From 2016 private and voluntary sector employers who employ over 250 people will be required to make public statistics about the gender pay gap in their workplace based on the average wages of men and women within a workplace.
The Sex Discrimination Act, 1975 purported to eradicate pay inequality based on gender. However, even in 2016 there is evidence that women, in particular, may receive a lower rate of pay based on their gender.
High profile equal pay claims in the NHS and the public sector highlighted that this was the case, and a commitment was made to remove any inequality through single status and pay reviews.
This has now been taken a step further and extended to the private and voluntary sector. Gender pay gap reporting will look not just at whether people receive the same pay for the same job, but whether gender is a factor affecting whether people can reach more senior and high paid roles, and the retention of employees. This is important because an organisation could, for example, employ more women than men, but if they are all employed in junior roles and are not able to progress to the more senior roles then this creates a pay gap in the level of earnings that can be attained.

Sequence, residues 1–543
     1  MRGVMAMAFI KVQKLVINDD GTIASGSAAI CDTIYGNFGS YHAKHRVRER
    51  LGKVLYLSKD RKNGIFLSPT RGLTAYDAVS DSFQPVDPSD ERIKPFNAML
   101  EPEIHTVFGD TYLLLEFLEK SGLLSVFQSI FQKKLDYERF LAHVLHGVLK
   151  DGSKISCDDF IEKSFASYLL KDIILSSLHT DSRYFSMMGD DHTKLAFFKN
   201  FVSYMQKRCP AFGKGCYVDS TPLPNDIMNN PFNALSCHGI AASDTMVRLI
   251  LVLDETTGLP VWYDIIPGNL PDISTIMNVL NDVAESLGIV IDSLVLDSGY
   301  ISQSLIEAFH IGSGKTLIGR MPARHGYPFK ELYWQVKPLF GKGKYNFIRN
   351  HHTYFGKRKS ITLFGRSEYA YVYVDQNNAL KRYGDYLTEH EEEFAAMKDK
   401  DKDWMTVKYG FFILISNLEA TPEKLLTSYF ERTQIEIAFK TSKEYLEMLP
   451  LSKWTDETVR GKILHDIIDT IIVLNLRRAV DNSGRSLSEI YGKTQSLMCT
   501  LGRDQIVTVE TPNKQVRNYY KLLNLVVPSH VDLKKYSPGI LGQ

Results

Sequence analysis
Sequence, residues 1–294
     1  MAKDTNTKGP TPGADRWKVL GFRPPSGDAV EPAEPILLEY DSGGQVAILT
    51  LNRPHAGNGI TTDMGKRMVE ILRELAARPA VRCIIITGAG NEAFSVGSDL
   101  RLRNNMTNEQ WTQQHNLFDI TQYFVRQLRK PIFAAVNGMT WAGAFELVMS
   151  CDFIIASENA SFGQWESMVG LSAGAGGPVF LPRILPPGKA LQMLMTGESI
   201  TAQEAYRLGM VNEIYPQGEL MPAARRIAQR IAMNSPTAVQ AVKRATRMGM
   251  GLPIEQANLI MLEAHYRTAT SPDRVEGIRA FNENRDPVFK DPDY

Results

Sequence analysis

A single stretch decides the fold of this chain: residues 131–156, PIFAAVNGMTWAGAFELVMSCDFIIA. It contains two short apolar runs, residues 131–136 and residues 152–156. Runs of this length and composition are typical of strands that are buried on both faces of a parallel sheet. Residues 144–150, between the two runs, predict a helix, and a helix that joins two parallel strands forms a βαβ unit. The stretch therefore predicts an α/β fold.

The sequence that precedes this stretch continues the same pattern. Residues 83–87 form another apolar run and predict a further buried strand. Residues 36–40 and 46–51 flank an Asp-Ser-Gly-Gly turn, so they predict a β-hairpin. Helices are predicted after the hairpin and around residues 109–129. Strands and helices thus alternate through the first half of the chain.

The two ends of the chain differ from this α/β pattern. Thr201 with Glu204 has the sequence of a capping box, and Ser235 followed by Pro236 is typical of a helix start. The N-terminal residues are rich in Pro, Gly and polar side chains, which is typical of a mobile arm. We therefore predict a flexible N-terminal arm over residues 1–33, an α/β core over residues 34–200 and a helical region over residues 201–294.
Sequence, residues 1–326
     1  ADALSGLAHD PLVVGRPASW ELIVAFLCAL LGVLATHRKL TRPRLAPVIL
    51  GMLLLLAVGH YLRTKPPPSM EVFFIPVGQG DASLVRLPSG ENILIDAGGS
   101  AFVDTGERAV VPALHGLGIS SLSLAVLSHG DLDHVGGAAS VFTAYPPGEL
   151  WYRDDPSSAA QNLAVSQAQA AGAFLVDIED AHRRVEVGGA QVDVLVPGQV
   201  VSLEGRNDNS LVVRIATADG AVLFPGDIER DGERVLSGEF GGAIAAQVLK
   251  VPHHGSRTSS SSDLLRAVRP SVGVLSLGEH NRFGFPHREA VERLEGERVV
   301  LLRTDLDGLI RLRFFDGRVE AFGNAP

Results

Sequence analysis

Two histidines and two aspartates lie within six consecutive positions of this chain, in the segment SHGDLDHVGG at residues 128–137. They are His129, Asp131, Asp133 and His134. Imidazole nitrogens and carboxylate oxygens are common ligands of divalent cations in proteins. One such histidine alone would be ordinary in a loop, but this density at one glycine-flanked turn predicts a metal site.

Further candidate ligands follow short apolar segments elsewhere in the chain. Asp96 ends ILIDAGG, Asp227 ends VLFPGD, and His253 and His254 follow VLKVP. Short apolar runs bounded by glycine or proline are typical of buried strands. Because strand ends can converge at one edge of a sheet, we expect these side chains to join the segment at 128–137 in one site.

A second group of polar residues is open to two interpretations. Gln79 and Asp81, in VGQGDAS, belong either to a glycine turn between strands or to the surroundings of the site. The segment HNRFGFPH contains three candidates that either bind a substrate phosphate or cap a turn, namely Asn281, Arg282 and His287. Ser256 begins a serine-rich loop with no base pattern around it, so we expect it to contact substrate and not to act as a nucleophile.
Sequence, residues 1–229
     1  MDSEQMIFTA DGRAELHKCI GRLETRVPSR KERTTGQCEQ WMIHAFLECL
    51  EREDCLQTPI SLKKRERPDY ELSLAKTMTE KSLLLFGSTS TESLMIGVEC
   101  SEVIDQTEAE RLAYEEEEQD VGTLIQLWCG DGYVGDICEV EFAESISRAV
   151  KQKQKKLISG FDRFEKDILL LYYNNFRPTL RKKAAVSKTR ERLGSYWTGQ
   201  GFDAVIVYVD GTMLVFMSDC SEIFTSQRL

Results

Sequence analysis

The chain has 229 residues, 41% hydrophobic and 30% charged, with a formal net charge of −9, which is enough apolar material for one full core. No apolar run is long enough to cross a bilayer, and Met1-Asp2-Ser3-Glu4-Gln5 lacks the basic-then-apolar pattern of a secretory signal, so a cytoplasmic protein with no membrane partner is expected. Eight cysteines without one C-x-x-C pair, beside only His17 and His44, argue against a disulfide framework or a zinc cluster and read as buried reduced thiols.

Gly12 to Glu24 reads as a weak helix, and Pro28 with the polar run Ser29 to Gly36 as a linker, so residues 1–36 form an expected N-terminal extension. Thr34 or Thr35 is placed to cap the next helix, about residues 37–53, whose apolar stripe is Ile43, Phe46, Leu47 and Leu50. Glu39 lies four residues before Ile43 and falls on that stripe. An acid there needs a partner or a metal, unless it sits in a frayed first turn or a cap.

It is hoped that by making this information publicly available, that employers will be pressured to tackle the problem of gender pay inequality. However, at present there are no penalties for the failure to provide the information, nor does it extend to those employing under 250 employees, and so the effects remain to be seen.
If you believe you have been discriminated against because of your gender or for any other reason, or if you have any questions about your employment rights, then we can help. Here at Beecham Peacock we have a trusted relationship with some of the largest trade unions in the country to protect your working rights. For further information call us on 0191 232 3048 or email email@example.com.